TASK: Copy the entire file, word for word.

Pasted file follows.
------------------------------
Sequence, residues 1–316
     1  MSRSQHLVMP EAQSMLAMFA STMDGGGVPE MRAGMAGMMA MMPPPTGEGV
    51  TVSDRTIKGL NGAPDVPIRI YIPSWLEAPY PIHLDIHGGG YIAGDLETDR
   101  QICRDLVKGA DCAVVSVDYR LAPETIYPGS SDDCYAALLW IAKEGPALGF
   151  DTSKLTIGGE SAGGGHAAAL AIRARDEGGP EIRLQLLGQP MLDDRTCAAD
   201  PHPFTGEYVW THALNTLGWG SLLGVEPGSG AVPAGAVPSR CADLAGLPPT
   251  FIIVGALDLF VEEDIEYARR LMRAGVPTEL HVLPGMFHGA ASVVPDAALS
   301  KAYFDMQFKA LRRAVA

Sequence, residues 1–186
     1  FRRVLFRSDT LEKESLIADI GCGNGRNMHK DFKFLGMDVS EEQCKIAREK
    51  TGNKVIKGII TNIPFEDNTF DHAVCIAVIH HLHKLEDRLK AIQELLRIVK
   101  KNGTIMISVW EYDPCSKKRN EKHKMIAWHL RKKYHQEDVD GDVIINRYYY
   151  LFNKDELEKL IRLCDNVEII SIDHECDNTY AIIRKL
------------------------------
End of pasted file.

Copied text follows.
Sequence, residues 1–316
     1  MSRSQHLVMP EAQSMLAMFA STMDGGGVPE MRAGMAGMMA MMPPPTGEGV
    51  TVSDRTIKGL NGAPDVPIRI YIPSWLEAPY PIHLDIHGGG YIAGDLETDR
   101  QICRDLVKGA DCAVVSVDYR LAPETIYPGS SDDCYAALLW IAKEGPALGF
   151  DTSKLTIGGE SAGGGHAAAL AIRARDEGGP EIRLQLLGQP MLDDRTCAAD
   201  PHPFTGEYVW THALNTLGWG SLLGVEPGSG AVPAGAVPSR CADLAGLPPT
   251  FIIVGALDLF VEEDIEYARR LMRAGVPTEL HVLPGMFHGA ASVVPDAALS
   301  KAYFDMQFKA LRRAVA

Sequence, residues 1–186
     1  FRRVLFRSDT LEKESLIADI GCGNGRNMHK DFKFLGMDVS EEQCKIAREK
    51  TGNKVIKGII TNIPFEDNTF DHAVCIAVIH HLHKLEDRLK AIQELLRIVK
   101  KNGTIMISVW EYDPCSKKRN EKHKMIAWHL RKKYHQEDVD GDVIINRYYY
   151  LFNKDELEKL IRLCDNVEII SIDHECDNTY AIIRKL